The research community could also develop tools for parents to monitor their child’s progress alongside medication changes, life events and expected outcomes. This information has clinical benefits and can increase family engagement with research and help define the common features of the condition, such as speech delay. Other tools may be more family focused. For example, a family might identify and reach out to nearby families without having to publicly disclose personal information.
Generic infrastructure would also help standardize information about features of a syndrome across groups. This information could be key to understanding the diversity of features seen in autism. For example, duplications in the 15q11.2-13 chromosomal region appear to have a greater impact on social behavior than deletions in the 22q11.2 chromosomal region, even though both regions are associated with autism4.
If we take these insights across multiple genetic conditions and couple them with parallel data from basic science — findings from mouse models, for example — we may be able to map the circuits and processes in the brain that correspond to specific features. Findings like these would help reveal related conditions and provide a strong biological foundation for developing treatments.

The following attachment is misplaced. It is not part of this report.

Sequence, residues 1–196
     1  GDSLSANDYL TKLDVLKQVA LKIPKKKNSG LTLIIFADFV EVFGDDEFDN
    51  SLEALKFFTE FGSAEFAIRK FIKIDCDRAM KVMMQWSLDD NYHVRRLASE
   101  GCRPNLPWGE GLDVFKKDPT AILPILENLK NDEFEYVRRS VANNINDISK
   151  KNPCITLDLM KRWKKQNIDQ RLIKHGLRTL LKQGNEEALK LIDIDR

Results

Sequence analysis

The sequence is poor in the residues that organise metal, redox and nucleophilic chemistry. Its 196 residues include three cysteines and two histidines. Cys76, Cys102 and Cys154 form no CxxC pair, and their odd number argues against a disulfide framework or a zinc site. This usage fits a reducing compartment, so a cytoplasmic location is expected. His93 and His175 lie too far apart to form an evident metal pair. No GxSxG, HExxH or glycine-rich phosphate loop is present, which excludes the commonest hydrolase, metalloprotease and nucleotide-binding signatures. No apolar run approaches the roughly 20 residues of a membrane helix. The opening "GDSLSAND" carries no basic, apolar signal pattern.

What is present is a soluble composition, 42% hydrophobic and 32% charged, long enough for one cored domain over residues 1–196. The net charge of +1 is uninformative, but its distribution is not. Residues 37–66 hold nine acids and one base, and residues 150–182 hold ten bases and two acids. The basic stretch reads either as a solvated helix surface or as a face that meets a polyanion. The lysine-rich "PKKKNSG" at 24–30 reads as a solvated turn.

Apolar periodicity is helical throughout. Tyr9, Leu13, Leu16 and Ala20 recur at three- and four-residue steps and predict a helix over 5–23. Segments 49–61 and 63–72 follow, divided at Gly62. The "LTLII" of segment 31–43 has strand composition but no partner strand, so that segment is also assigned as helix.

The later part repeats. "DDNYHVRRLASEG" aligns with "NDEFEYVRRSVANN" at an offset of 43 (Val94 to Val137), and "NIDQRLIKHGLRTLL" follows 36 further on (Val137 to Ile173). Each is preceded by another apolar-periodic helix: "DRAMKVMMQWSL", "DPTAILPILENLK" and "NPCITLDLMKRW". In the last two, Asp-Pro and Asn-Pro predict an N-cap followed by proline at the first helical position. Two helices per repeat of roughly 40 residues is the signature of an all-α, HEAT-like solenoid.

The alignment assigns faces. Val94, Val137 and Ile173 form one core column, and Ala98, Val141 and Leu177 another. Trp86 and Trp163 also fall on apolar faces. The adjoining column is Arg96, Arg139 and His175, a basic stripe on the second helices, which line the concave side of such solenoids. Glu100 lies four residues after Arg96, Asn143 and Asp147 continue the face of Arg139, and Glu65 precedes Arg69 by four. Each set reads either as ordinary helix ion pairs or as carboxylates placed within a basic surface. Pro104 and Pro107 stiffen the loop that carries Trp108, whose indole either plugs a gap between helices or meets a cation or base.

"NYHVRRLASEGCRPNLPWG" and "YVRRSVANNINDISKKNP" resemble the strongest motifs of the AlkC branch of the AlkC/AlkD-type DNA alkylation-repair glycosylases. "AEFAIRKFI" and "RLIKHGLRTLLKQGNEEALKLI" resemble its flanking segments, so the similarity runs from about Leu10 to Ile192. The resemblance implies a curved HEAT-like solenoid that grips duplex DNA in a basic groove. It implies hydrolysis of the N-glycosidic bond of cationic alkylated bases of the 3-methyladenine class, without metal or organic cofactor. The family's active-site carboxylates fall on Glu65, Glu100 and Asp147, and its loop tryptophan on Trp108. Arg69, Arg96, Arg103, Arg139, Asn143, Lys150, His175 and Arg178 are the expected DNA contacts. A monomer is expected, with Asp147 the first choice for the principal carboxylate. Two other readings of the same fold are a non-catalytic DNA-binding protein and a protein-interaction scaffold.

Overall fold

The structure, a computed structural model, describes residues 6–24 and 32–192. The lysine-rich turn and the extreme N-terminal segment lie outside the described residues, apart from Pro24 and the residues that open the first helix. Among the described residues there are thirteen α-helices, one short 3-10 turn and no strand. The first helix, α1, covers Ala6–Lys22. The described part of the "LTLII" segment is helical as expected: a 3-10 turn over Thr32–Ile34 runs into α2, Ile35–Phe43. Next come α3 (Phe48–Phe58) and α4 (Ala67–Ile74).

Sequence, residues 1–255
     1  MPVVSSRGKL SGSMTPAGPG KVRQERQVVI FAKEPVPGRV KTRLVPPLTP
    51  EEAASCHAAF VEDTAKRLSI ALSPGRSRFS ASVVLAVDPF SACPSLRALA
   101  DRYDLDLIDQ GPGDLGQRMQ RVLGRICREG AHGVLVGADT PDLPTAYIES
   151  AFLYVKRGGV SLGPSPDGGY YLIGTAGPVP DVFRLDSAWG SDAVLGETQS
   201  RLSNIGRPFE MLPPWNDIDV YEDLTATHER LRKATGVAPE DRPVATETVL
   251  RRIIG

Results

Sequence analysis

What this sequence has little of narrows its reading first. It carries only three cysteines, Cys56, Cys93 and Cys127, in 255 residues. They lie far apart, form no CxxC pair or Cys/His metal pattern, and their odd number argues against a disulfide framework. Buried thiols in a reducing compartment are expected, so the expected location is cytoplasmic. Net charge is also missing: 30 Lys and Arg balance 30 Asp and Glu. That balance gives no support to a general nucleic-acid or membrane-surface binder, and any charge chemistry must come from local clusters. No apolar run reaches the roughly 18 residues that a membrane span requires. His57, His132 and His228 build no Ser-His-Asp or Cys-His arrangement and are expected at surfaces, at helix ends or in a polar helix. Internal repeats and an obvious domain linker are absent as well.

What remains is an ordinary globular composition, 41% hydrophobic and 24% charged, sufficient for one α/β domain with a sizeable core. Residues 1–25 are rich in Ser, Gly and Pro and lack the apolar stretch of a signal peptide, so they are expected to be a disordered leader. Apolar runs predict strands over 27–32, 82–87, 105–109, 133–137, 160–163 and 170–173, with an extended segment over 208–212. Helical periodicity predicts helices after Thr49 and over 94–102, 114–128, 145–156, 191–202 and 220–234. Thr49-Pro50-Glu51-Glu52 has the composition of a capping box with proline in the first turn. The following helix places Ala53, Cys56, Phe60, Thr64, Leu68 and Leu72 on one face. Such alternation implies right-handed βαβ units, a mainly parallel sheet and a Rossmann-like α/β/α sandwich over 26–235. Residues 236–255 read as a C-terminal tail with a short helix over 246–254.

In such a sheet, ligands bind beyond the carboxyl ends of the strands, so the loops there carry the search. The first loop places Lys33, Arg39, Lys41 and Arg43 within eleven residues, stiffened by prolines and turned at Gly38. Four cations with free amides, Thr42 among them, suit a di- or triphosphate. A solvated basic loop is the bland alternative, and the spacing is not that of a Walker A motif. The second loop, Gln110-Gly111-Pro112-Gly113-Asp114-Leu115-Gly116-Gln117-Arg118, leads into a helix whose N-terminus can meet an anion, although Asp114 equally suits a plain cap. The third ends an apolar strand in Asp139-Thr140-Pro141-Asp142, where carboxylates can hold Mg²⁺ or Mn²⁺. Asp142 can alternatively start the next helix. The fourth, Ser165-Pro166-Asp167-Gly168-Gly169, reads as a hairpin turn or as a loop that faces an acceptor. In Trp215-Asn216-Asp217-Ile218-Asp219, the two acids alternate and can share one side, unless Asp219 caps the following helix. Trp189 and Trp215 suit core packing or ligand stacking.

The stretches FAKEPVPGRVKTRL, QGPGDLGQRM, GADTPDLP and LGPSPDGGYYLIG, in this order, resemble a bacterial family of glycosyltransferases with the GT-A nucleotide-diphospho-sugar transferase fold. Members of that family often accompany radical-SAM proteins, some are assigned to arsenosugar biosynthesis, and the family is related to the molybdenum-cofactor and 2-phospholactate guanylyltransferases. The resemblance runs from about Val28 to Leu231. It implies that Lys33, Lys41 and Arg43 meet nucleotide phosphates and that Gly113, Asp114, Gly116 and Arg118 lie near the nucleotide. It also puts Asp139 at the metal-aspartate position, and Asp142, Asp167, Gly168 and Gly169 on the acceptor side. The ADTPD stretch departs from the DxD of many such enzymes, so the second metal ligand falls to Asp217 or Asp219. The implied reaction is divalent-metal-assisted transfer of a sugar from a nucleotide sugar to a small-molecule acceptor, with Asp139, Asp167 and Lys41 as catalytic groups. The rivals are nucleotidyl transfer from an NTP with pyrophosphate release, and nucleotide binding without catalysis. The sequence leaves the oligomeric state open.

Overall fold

Along these lines, the TIGER Study is an effort to compare behaviors across genetic conditions related to autism. Allowing members of family groups to contribute directly, through standardized online tools, would boost the number of participants and help researchers assess how behavior changes over time in each child.
But to get to there, we need more groups with a strong footing. To date, only seven groups — based on 7 of 20 genes with the strongest association with autism — have led to foundations: ADNP, DYRK1A, GRIN2B, PTEN, SCN2A, SHANK3, and SYNGAP11. This is not simply because genetic changes are rare; we expect up to 6,000 cases per high-confidence gene in the United States and up to 120,000 cases globally. Rather, it is due to limitations in making diagnoses, connecting families and the multiple hurdles involved in setting up a foundation.